Wednesday, March 22, 2023
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Jacques Sapir

​Donald Trump and protectionism

Economist, Director of Studies (professor) at the Ecole des Hautes Etudes en Sciences Sociales in Paris

Donald Trump's recent statements have brought the issue of protectionism fully into the spotlight. We knew that the newly-elected US president encouraged companies to "relocate" their production in US territory. And so the first results obtained, even before taking possession of the Presidency, were indeed encouraging. A number of companies, such as Ford, Chrysler and also General Motors, Samsung and LVMH pronounced their decision to return to producing in the United States. Which leads us to consider two questions. Is this good in the medium and long term? Also, how can companies be forced to "relocate" their production?


Protectionist methods get bad press. It is enough to consider the reaction of Professor Lionel Fontagné, former director of CEPII: "Relocated production will be more expensive than the imported ones. Thus, the jobs gained by these relocations will be compensated for by other job losses, as a result of the loss of household income generated by these additional costs. Except that Fontagné, in his anti-protectionist fury, forgets an essential point: the income of households will be increased by supplementary workers being hiring, who will have a salary instead of getting unemployment benefits. In industry, the average salary level is much higher than unemployment benefits. If Fontagné had wanted to deal honestly with the issue of protectionism, he would have contrasted this loss of purchasing power against the gain from the recovery of employment. This is something that that does not seem difficult. The production of cars in the 1980s was approximately four million units per year in France. Currently, it has dropped to two million. Suppose that by different protectionist measures, 500,000 more vehicles per year are produced, and that these cars are from a medium-low segment, with a price of 10,000 Euros, and that the increase is 10%, which explains why the cars of this type are largely produced abroad. The loss of income is calculated at 500,000 x (10,000 x 0.1) = 500 million Euros.


However, these cars still have to get produced. We will need to build a new assembly plant, employing around 7,000 workers; we will need to increase subcontractors' production; also the consumption of electricity... All-in-all, we can estimate that around 40% of the sale price will be reinjected into the French economy (supposing that around 60% of this is used to pay for imported goods and services). Thus 500,000 x 11,000 (price in France) x 0.4 = 2,200 million Euros. If we subtract 500 million Euros from this amount due to the rise in prices and an adjustment of 2,200 million Euros, it means that we have a net growth of 1,700 million Euros of currency injected into the French economy.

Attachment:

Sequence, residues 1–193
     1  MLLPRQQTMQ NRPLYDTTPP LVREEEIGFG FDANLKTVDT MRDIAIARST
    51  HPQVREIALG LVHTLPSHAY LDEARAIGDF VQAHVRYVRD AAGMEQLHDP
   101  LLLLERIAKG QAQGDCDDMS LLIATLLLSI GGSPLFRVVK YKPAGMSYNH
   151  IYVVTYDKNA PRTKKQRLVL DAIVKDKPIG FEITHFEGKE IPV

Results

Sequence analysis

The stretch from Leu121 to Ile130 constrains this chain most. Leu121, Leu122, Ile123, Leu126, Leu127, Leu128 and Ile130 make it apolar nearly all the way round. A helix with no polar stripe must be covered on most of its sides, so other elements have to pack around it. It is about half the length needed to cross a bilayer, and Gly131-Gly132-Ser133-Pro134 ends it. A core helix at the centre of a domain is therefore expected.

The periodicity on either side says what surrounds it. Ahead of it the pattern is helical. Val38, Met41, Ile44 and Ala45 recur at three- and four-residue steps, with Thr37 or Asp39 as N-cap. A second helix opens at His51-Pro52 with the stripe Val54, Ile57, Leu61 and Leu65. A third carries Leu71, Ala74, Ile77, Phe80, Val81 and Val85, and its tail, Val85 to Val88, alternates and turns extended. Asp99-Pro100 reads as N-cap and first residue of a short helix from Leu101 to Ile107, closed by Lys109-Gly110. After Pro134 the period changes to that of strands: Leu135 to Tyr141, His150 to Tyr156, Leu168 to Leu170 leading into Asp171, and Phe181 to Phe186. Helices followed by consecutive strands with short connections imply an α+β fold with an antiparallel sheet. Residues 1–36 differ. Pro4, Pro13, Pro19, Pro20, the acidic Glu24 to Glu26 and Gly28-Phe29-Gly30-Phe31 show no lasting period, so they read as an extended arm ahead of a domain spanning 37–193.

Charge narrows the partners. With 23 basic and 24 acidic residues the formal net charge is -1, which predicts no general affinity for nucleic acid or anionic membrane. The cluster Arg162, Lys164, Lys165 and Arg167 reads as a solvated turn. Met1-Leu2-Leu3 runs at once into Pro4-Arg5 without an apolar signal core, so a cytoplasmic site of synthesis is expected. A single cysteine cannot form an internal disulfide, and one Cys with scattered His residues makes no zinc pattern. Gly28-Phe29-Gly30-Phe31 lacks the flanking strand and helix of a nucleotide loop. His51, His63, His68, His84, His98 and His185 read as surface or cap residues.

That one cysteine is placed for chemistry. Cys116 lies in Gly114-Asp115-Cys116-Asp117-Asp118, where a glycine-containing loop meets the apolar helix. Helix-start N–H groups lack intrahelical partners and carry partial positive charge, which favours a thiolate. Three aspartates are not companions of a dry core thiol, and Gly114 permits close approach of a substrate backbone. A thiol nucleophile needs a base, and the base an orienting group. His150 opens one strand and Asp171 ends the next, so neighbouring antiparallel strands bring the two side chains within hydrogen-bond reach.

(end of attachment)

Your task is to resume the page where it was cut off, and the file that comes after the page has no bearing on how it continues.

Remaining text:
In effect, we can assume that all automobile production will suffer a price increase in France we take protectionist measures. 

However, this generalised increase will be less than 10%, due to the fact that the cars produced in France have a part of their components manufactured inside France. On the other hand, if these measures are adopted, it will increase the proportion of components manufactured in France. It is true that the extra cost will be higher than the 500 million initially calculated. However, the profit obtained from the injection of currency in the French economy, linked to the growth of the share of national production, will also increase. All this raises the question of whether protectionism is a pre-condition for growth.

This question may be absurd. After all, is the growth in the last twenty years not attributable precisely to the liberalisation of international trade? It is exactly at this point here where a fundamental error in economic theory lies. The supporters of free trade, sometimes unknowingly, fall back on the old mercantilist theory that makes trade the cause of production. But, in reality, trade is good for whoever produces. Production comes first, and exchange later.


Historically, the great periods of economic growth have coincided with periods of protectionism, as in Europe from 1945 to the 1980s. 

In fact, there has been a decline in growth coinciding with the integral opening of the economies. 

Reduced growth, yes, but not reduced profits. In reality, free trade allows the profit margins to remain quite high while growth declines. For some commentators it is true that these profits should be transformed into investments. No profits today is a guarantee of more investments tomorrow and more jobs the day after tomorrow. However, this "guarantee" is absolutely illusory. Today's profits might be dissipated in speculative activities, in luxury expenditures, which have no impact on investment and employment. In fact, this justifies protectionist policies, which can be in the form of customs duties, regulatory measures, social or environmental standards, and even by a sharp depreciation of the exchange rate of the local currency.

In reality, the opening up of economies to international competition does not produce beneficial effects unless this concurrence is "fair". This is, if it promotes business projects rather than wage, social or fiscal dumping mechanisms. This is the lesson we can draw from Donald Trump's current policy. Moreover, this is why we should be on our guard. In any case, those politicians who are speaking today about "manufacturing in France", is this not protectionism? It is surprising that a favourable discourse is proposed about "manufacturing in France", while continuing to denounce protectionism. This is something that reveals a deep incoherence of discourse. We have to thank the President of the USA, who, with his decisions has make this inconsistency visible.



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